For most data practitioners, linear regression is the starting point when implementing machine learning, where you learn about foretelling a continuous value for the given independent set of rules. Logistic regression is one of the most simple machine learning models. They are easy to understand, interpretable and can give pretty good results. Every practitioner using logistic regression out there needs to know about the log-odds, the main concept behind this ML algorithm.

## Is Logistic Regression a Classification Algorithm?

**Logistic vs. Linear Regression**

Let’s start with the basics: *binary classification*.

Your model should be able to predict the dependent variable as one of the two probable classes; in other words, `0`

* or *`1`

. If we use *linear regression*, we can predict the value for the given set of rules as input to the model but the model will forecast continuous values like `0.03`

, `+1.2`

,** **`-0.9`

, etc., which aren’t suitable for categorizing within one of the two classes nor identifying it as a probability value to predict a class.

For example, when we have to predict if a website is malicious, the response variable has two values: benign and malicious.

If we try to fit a linear regression model to a binary classification problem, the model fit will be a straight line. Above you can see why a linear regression model isn’t suitable for binary classification.

To overcome this problem, we use a sigmoid function, which tries to fit an exponential curve to the data in order to build a good model.

**Logistic/Sigmoid Function**

Logistic regression can be explained with *logistic function*, also known as *sigmoid function*, which takes any real input `x`

, and outputs a probability value between `0`

and `1`

**,** defined as:

Here’s the model fit using the above logistic function:

Further, for any given independent variable `t`

, let’s consider it a linear function in a univariate regression model, where `β0`

is the intercept and `β1`

is the slope given by:

The general logistic function `p`

which outputs a value between `0`

and `1`

will become,

We can see that the data separable into two classes can be modeled using a logistic function for the given variable in a linear function. The relation between the input variable `x`

and output probability cannot be interpreted easily. We know this because of the sigmoid function so we introduce the logit (log-odds) function, which makes this model interpretable in a linear fashion.

**Logit (Log-Odds) Function**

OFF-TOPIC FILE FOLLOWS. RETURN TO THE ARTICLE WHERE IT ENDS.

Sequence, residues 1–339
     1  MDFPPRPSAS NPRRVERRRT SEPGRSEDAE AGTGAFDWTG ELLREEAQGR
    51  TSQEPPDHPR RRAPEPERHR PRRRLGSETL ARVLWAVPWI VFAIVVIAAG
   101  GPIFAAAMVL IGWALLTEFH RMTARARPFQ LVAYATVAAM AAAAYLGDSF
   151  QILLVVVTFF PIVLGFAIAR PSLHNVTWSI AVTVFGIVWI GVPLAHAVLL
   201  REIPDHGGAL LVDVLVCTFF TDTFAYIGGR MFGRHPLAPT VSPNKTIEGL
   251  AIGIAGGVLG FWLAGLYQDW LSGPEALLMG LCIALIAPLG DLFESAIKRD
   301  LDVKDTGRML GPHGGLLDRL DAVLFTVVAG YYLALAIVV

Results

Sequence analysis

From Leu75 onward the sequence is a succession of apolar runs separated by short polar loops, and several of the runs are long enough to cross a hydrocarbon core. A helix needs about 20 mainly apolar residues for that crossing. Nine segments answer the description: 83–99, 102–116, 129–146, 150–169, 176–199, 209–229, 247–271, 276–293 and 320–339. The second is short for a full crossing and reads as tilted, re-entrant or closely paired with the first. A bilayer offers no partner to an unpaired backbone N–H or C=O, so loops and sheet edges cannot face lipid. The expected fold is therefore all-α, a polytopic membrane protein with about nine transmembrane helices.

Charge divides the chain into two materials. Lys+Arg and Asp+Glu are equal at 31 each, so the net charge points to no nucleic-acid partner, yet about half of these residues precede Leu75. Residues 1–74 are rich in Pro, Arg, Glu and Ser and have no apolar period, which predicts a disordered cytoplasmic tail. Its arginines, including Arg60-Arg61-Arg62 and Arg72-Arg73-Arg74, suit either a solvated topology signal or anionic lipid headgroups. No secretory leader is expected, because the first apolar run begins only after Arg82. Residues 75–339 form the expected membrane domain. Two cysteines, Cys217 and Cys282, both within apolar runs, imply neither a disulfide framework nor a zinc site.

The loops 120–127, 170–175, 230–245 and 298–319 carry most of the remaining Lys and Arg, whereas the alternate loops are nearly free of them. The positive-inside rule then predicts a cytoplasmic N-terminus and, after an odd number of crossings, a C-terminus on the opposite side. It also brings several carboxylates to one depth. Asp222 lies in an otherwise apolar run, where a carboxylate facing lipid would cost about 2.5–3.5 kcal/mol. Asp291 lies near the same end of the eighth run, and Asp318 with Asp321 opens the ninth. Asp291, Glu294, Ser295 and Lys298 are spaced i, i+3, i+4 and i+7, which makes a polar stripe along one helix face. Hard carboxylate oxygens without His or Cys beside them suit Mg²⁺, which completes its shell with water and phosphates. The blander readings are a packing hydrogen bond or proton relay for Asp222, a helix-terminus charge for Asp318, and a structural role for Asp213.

The log-odds function, (also known as *natural logarithm of the odds*) is an inverse of the standard logistic function. We can define the log-odds function as:

In the above equation, the terms are as follows:

`g`

is the logit function. The equation for`g(p(x))`

shows the logit is equivalent to linear regression expression.`ln`

denotes the*natural logarithm.*`p(x)`

is the probability of the dependent variable that falls in one of the two classes,`0`

or`1`

, given some linear combination of the predictors.`β0`

is the intercept from the linear regression equation.`β1`

is the regression coefficient multiplied by some value of the predictor.

On further simplifying the above equation and exponentiating both sides, we can deduce the relationship between the probability and the linear model as:

The left term is called `odds`

, which we define as equivalent to the exponential function of the linear regression expression. With `ln`

(log base `e`

) on both sides, we can interpret the relation as linear between the log-odds and the independent variable `x`

.

**Why Regression?**

The change in probability** **`p(x)`

with change in variable `x`

cannot be directly understood as it is defined by the sigmoid function. But with the above expression, we can interpret that the change in log-odds of variable `x`

is linear concerning a change in variable `x`

itself. The plot of log-odds with linear equation can be seen as:

The probability outcome of the dependent variable shows that the value of the linear regression expression can vary from negative to positive infinity and yet, after transformation with sigmoid function, the resulting expression for the probability `p(x)`

ranges between `0`

and `1`

(i.e. `0 < p < 1`

). This is **what makes logistic regression a classification algorithm **that classifies the value of linear regression to a particular class depending upon the decision boundary.

**Decision Boundary**

The decision boundary is defined as a *threshold* value that helps us to classify the predicted probability value given by sigmoid function into a particular class, whether positive or negative.

**Linear Decision Boundary**

When two or more classes can be linearly separable:

**Non-Linear Boundary**

When two or more classes are not linearly separable:

**Multi-Class Classification**

The basic idea behind multi-class and binary logistic regression is the same. However, for a multi-class classification problem, we follow a *one-vs-all classification*. If there are multiple independent variables for the model, the traditional equation is modified as:

Here, we can define the log-odds as linearly related to multiple independent variables present when the linear regression becomes multiple regression with `m`

explanators.

For example, if we have to predict whether the weather is sunny, rainy or windy, we are dealing with a multi-class problem. We turn this problem into three binary classification problems. Is it sunny (yes or no)? Is it rainy (yes or no)? Is it windy (yes or no)? We run all three classifications independently on input features and the classification for which the value of probability is the maximum relative to others becomes the solution.